Nicaraguan basketball team to face off against Ephs in a charity game on Friday

With the departure of last year’s stellar men’s basketball lineup, there is a certain amount of uncertainty for this year’s basketball program. However, the Ephs will kick off the new season in a promising manner when they take on the Universidad Americana Jaguars, a Nicaraguan team, in an exhibition match at 7:30 p.m. on Friday in Chandler Gym.

According to Director of Athletics Robert Peck, Williams hopes to use this match as an opportunity to raise money for relief efforts to help those in Nicaragua whose lives were devastated by Hurricane Mitch last week.

Peck has been working since the summer to bring the Nicaraguan team to the United States. “Since the hurricane and the tremendous need for disaster relief, we decided to try and raise some money to help,” Peck said.

Peck explained that the Jaguars, who are three-time national champions in Nicaragua, are coming to Williams as part of a six-game tour that will lead them throughout the Northeast. He said admission to the event will be free, but there will be ushers collecting a suggested voluntary donation at the door with the money going to the “Cruz Roja Nicaraguense” (Nicaraguan Red Cross).

Peck has a long-standing relationship with Nicaragua and has been bringing Nicaraguan basketball teams to the United States since 1985. On a visit to Nicaragua last summer, Peck arranged with former Williams assistant coach Flavior Morano to bring a Nicaraguan team to the Northeast.

Peck said the Jaguars arrived in the U.S. last Saturday and have already played games against the Connecticut College and Coast Guard Academy basketball teams. The team plays at Trinity College tonight and Amherst College on Thursday before facing off against the Ephs on Friday.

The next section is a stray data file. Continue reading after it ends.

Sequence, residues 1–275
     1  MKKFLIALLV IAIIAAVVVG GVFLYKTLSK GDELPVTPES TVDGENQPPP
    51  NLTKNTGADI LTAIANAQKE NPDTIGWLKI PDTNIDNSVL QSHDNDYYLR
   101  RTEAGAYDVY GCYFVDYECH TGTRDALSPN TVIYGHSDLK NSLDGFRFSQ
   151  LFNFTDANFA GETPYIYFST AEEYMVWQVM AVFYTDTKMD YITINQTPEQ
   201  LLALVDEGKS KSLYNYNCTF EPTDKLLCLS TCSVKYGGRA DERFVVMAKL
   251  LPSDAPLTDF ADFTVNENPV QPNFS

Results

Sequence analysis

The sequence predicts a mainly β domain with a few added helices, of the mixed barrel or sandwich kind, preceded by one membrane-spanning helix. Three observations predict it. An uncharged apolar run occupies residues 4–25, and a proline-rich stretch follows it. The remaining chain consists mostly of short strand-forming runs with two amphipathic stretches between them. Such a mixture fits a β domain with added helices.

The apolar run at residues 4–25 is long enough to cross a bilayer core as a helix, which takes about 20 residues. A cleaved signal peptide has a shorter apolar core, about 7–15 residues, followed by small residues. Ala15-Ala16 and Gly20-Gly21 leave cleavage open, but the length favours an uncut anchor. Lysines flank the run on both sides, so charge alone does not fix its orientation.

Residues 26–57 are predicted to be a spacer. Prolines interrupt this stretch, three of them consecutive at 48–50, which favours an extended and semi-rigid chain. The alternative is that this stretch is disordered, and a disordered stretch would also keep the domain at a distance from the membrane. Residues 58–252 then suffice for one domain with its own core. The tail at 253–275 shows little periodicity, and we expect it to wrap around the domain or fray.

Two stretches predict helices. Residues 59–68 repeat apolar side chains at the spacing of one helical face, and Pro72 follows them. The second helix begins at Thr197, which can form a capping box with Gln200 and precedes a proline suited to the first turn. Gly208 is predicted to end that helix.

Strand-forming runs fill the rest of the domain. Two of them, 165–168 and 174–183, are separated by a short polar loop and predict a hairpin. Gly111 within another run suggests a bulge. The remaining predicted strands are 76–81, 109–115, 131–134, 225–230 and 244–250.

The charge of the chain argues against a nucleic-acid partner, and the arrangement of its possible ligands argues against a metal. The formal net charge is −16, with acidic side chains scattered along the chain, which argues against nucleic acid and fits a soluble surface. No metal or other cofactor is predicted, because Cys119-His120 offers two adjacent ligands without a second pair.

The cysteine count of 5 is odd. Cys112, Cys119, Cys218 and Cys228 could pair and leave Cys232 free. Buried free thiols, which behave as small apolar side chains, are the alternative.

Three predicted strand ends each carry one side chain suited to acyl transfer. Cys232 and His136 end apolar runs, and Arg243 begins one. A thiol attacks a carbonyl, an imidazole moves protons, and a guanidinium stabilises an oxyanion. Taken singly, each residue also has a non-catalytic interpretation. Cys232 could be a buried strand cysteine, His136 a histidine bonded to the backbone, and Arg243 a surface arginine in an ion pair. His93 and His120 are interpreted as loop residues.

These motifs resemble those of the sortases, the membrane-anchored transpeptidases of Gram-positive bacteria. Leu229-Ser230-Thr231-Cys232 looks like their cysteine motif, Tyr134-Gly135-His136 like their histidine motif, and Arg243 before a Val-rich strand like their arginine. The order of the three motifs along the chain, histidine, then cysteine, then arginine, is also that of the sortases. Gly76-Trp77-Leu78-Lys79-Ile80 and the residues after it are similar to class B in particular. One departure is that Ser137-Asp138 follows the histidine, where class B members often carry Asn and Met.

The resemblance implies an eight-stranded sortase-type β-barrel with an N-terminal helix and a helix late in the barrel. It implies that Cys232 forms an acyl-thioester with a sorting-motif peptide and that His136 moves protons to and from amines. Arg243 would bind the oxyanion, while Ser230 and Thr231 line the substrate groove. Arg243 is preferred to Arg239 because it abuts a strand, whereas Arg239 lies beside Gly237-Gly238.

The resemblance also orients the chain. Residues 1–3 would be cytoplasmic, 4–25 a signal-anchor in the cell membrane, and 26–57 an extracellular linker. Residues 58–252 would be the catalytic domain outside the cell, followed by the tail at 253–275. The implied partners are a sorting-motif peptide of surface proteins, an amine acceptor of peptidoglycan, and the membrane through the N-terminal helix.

After a final match against Springfield on Sunday, the team will head back to Nicaragua.

After hearing about the disastrous events that have taken place in Nicaragua, Peck said he decided to take advantage of the opportunity to combine Friday’s game with an effort to raise money for the Nicaraguan Red Cross. All of the money that is collected at the gate will be donated in the form of a bank check to assist the relief effort. Peck has also alerted the other schools that the Jaguars will be visiting of his efforts, with the hope that they will also use this as an opportunity to make a financial donation.

Peck spent time living in Nicaragua in 1981 and returned in 1984 with a group called Witness for Peace to protest the U.S. policy of the time in support of the Contras.

Peck explained one of the reasons that he took an early interest in Nicaragua: “I’ve been involved in Nicaragua since 1972. There was an earthquake in ’72 that really destroyed Managua and it has never really been built back up.”

Peck has also assisted with the establishment of a new university on the Atlantic coast of Nicaragua. Specifically, he has worked to provide the new school with athletic equipment gathered from schools all across the country. Peck said he also trying to encourage Williams to donate excess books and computers to the new University.

The Eph basketball team began this season with high expectations after having made two consecutive NCAA Division III Final Four appearances in the last two years. Men’s basketball coach Harry Sheehy is entering his 16th season as head coach and is only 17 wins away from earning the most wins of any coach in Williams history.

This year, co-captains Jim Frew ’99 and Matt Hunt ’99 were left big shoes to fill by last year’s trifecta of Mike Nogelo, Grant Farmer and Brendan McGuire. “We know that one person can’t replace a three-time All-American and Div. III player of the year,” said Frew. “However, if we all raise the level of our individual games, we can be just as competitive. We may not have the talent level that we had in the past, but we will outwork every team that we play.”

Peck encourages all members of the Williams and local community to come out this Friday, not just to support the basketball team, but also to help out with the relief effort. He sums up his hopes this way: “It’s humanitarian, it’s basketball and it could be fun.”

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